Individual Commitment To A Group Effort: That Is What Makes A Team Work.


Events Management is synonymous with team work, the pair are almost inseparable. Whether it’s working as a part of a team to prepare for the event or managing the on sit team when delivering your event, if working in a team isn’t something you enjoy, or can at least learn how to deal with, then it’s safe to say a career in the events industry probably isn’t for you.

As part of our degree course, we had to work as a team of five to research, prepare and deliver a fifty minute workshop on the topic of event budgeting and finance to a group of students. Team work comes very naturally to some people and others can find it a real challenge. Our workshop not only highlighted the different skills that all of our team had, but also highlighted a number of key skills that I’d like to share with you today that can make any individual a true team player.

5 Skills That Will Take You From ‘Individuals Doing Group Work’ To ‘An Individual Group That Works’

1. Patience – When working in a team it’s important to remember that not all of your team are at the same level and you’ll all have different ways of doing things. Patience and trust almost come hand in hand; if a team member is doing things differently to how you would, it’s about having the trust and belief in them and being patient and giving them the time to do things their way. Patience is also important when it comes to things you disagree on as a group, taking the time to remain calm and listen to other solutions almost always allows the best route forward eventually.

2. Empathy – As much as at times you may feel like it is; it is important to remember that your team project may not always be the main priority in somebody’s life. One week into our project, a member of our team gave birth to a son. At times like this it’s important that as a team, you’re there to offer any help and support with their part of the project rather than standing in absolute disbelief that something could possibly be more important than your project. As a team ensuring that you work together to offer collective solutions to any problems means that you can work far better than an individual, as the saying goes, one team, one dream.

3. Communication – Being a good communicator is important as it allows you the opportunity not only to get your own ideas across to the team, but also encourages others to interact and share there ideas as well. Listening is just as important in communicating as talking. In listening to the ideas of others in the team it both makes every team member feel valued and allows for the best ideas to contribute to the project and the team as a whole.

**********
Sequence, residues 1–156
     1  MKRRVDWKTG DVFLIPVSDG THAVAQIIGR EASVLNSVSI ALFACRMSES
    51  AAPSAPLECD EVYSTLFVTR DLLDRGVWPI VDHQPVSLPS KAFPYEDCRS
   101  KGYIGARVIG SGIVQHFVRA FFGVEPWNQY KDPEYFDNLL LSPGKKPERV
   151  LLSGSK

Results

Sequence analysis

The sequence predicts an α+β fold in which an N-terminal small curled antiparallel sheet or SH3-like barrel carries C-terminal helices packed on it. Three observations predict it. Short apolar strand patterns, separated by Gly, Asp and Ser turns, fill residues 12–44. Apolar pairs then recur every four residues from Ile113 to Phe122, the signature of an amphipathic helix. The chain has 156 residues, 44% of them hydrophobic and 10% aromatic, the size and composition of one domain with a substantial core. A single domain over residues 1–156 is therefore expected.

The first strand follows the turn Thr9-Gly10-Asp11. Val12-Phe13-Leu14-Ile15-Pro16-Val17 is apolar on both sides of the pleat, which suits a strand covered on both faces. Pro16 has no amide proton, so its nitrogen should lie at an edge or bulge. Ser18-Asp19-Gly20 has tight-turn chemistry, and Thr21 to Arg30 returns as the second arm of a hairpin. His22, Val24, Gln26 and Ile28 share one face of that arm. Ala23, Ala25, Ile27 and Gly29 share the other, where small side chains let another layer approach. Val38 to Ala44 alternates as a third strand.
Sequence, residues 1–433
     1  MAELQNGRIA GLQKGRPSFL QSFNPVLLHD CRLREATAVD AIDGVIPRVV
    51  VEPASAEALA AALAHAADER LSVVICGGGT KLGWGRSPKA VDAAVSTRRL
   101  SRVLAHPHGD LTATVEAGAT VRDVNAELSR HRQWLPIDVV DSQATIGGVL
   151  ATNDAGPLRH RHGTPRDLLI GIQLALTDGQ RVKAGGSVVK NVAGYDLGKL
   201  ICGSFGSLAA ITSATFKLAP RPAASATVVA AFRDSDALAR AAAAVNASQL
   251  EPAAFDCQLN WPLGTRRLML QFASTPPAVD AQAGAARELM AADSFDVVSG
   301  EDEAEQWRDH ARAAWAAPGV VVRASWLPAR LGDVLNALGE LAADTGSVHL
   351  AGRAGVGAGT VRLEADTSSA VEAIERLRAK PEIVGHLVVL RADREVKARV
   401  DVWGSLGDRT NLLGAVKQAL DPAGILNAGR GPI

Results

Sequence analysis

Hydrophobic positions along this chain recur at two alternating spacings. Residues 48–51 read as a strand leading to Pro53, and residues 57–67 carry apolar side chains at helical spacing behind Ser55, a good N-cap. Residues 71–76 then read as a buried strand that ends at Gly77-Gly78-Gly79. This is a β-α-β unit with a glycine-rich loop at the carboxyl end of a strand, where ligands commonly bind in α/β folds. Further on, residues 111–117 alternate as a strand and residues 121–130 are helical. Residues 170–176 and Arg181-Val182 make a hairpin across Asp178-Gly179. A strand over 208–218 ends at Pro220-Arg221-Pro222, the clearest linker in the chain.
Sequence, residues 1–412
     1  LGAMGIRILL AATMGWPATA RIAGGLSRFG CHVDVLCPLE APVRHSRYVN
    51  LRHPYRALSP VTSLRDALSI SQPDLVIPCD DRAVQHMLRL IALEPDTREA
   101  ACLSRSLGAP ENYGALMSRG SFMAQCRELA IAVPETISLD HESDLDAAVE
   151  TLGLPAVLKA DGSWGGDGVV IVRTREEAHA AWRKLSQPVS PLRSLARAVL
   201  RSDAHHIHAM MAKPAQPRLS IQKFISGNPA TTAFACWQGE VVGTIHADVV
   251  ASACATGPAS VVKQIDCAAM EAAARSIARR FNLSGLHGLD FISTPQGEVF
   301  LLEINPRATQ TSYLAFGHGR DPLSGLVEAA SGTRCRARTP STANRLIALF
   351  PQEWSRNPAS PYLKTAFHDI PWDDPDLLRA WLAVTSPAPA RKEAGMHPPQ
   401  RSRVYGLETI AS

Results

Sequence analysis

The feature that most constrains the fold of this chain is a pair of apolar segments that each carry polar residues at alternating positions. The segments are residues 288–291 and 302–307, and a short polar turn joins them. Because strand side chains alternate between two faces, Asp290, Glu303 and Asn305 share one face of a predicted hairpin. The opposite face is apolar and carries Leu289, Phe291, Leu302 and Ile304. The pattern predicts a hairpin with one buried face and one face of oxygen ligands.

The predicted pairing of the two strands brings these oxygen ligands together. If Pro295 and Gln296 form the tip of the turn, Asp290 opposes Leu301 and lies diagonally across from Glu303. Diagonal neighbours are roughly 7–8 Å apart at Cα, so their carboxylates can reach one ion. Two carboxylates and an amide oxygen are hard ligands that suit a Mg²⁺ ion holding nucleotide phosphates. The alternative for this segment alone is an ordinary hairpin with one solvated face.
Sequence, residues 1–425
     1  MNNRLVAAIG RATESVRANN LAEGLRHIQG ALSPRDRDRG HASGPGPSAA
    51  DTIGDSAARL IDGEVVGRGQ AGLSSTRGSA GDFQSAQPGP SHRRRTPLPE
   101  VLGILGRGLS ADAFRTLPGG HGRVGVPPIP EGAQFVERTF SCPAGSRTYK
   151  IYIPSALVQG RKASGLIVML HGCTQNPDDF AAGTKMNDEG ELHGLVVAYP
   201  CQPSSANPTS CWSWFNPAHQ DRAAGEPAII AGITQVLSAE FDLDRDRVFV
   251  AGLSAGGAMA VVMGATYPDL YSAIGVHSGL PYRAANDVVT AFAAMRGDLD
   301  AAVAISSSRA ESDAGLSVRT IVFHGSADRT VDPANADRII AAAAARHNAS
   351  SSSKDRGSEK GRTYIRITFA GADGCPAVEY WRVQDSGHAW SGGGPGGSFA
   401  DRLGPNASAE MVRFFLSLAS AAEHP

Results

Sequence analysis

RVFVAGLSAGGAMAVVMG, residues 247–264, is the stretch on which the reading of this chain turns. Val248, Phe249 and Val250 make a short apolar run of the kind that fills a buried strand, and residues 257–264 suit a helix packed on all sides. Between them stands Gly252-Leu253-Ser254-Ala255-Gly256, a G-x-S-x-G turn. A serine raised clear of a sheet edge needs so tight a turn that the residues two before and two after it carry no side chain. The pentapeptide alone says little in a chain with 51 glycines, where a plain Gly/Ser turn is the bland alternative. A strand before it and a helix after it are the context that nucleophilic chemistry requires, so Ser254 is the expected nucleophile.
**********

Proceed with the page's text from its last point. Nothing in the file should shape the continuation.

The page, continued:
4. Honesty – When in a team, honesty is important not only if you make a mistake yourself, but if you feel a team member has made a mistake. In being honest when you’ve made a mistake yourself, you allow the problems created to be solved much faster by opening it up to the team. By being honest with your team, you maintain a standard that you expect and open up any mistakes you think have being made to the group for discussion. During our group workshop I made the mistake of not letting a team member know that they’d made a mistake; in doing so I created a large amount of work for myself in solving it and also created confusion in the group over why changes had been made to work I hadn’t done. In opening this problem up to the group I feel as a team we’d have come up with a far better solution than I did as an individual.

5. Trust – Trusting your team is vital in any project. Nobody goes into a project or piece of group work looking to not do a good job. In placing trust in people to work independently, you allow their creativity to flourish in a way that it otherwise would not. Trusting other team members creates a far more dynamic team as it means that team members are free do do their own work whilst knowing they have the help, support and collective knowledge of the rest of the the team if they need to ask for it.

In embodying these five skills as an individual group member, you begin to create a team working environment that encourages these skills to grow and develop within other team members. Your team is, and always will be made up of a group of individuals, but allowing that individuality to flourish you create a team that is in itself very individual, very unique, but one in which every team member feels they are valued and listened to.


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